Making Sense of India’s Election Shock

Portfolio Manager Peeyush Mittal says even as Narendra Modi looks set to remain as Prime Minister, India’s domestic growth agenda faces a pause until the political landscape takes shape following the country’s elections.

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What happened?

India’s election results have taken everybody by surprise. They were certainly not in line with expectations for political continuity. In 2019, Narendra Modi’s Bharatiya Janata Party (BJP) was re-elected with an overall majority in parliament of 303 seats and a decisive mandate. In 2024, India’s general election results suggest that the BJP will win around 240 seats*, well short of the 272 needed for an outright majority.  

Given that the National Democratic Alliance, which includes the BJP and its two main allies, is still the biggest elected group, we expect that the BJP, being the largest party in the group, will form the next government. Modi has secured the backing of BJP’s two key partners, the Telugu Desam Party and the Janata Dal (United) party but it is potentially a fluid situation. The BJP has the ability to offer far more money, stability, and also power sharing to its coalition partners than the opposition. However, what will ensue is likely to be some significant political jockeying between elected parliamentary members.

What does it mean for economic policy?

Over his decade in power, Prime Minister Modi’s focus was on infrastructure development in India. Economic growth was led by gross fixed capital formation while consumption growth came down dramatically. For fiscal year 2024, for example, consumption growth was only 3% to 4%. In simple terms, post-COVID, the economic recovery in India has been K-shaped, with some sectors and socio-economic groups bouncing back while others have struggled and experienced a loss of savings, particularly citizens on lower incomes and those in rural areas. 

“We think there will be more populist policies going forward to drive consumption while infrastructure spending is likely to take a breather”

In India, whenever a coalition is needed to form a government it brings uncertainty and usually a pause in the current long-term policy and that is the case now. With a more fragmented government, policy making in general is going to become more difficult. And given the results of the election, we think there will be more populist policies going forward to drive consumption while infrastructure spending with private capex is likely to take a breather. 

There are strong, long-term drivers in India in terms of demographics, its place in world trade and its rapidly developing industrial and manufacturing capacity. These structural growth agents we think are still intact and in play. However, these areas need a leader with a clear mandate to harness them and drive policy and, therefore, how the coalition government takes shape will be crucial.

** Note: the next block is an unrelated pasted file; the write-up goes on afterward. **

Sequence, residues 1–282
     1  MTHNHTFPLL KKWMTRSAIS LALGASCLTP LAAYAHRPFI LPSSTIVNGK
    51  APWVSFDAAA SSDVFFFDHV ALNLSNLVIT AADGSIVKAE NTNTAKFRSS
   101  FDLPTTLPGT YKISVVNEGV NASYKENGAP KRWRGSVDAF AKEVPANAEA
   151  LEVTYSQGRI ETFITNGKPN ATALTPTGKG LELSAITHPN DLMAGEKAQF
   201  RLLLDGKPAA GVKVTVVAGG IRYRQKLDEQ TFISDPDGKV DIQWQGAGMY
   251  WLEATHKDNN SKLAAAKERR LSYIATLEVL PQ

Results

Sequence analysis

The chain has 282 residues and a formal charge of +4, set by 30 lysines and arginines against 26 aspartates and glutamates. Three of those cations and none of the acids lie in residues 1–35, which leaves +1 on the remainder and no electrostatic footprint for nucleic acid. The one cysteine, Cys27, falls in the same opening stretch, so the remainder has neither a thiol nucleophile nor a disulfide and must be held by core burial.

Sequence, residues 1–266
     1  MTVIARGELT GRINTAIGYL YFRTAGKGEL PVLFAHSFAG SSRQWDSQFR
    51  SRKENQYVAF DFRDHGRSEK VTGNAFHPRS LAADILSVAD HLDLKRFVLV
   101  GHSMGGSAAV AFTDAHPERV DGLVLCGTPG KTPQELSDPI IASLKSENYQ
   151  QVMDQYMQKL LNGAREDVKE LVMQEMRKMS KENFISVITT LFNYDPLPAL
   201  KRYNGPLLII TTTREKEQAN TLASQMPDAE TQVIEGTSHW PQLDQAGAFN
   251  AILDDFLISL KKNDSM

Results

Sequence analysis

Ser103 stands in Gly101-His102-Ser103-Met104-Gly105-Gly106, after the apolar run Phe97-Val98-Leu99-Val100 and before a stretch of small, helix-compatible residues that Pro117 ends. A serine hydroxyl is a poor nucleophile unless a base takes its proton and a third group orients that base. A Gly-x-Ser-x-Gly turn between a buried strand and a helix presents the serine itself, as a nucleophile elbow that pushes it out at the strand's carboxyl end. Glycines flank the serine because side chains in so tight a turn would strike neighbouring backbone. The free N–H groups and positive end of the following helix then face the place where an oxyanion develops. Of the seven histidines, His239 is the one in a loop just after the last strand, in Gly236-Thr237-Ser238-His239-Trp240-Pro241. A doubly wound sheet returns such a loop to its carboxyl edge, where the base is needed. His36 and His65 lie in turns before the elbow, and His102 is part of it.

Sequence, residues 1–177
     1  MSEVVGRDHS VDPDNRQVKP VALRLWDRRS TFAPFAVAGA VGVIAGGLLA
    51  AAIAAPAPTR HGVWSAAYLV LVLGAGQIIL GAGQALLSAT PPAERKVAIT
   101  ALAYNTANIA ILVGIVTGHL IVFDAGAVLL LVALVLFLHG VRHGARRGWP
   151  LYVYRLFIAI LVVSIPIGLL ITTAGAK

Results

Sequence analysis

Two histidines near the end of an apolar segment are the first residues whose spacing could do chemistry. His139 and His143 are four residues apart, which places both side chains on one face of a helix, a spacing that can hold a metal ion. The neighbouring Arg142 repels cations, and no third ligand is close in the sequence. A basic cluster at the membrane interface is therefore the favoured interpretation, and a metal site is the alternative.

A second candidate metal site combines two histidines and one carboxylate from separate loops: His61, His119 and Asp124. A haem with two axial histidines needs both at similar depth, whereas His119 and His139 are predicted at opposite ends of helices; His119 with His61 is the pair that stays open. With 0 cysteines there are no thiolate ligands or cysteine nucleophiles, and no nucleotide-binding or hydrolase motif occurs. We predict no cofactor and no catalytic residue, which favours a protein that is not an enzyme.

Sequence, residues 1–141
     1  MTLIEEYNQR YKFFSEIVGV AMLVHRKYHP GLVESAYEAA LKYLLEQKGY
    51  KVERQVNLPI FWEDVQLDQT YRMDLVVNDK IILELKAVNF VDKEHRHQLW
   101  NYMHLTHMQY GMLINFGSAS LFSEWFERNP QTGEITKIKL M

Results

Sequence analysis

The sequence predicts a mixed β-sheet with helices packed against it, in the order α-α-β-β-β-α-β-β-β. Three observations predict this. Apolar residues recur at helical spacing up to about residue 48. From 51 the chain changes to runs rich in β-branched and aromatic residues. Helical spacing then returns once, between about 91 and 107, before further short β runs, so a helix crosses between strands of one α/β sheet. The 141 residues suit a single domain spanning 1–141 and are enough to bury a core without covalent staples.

What does it mean for Indian equities?

We expect volatility to continue as the next government takes shape. Markets will then likely stabilize, in our view. However, we expect sectoral leadership to change in favor of consumption stocks away from capex-led themes. 

We think capital goods and infrastructure-related sectors spanning industrials and materials will face headwinds in the near term and associated stocks will likely be negatively impacted. There are grey areas like power and defense which should be less affected as these are less sensitive to partisan issues. But it will be consumption-related sectors like consumer staples, traditionally strong areas like  pharmaceuticals, and other areas that may be more favorably looked upon by an evolving coalition that could fare the best in the coming weeks in our view. 

A cognizance for quality by the market, which has been absent for a number of months, should also return, which is a good thing. We do expect likely prolonged volatility in small and mid-cap companies given the elevated valuations of these stocks in recent months and the potential uncertainty around continuity of domestic retail flows into investment vehicles.

What are your other concerns?

Consumption growth has continued to be weak despite strong GDP expansion over the past two years in India. This implies the benefits of economic growth are still not resulting in enough employment opportunities for the lower income groups. For GDP growth to be sustainable, we think consumption growth has to improve going forward. There is also uncertainty around capital gains tax. There could be increases in both short term and long term capital gains taxes, which would likely disappoint overseas investors if that were to happen.

Peeyush Mittal
Portfolio Manager
Matthews Asia

Source: *Bloomberg, 6.4.24



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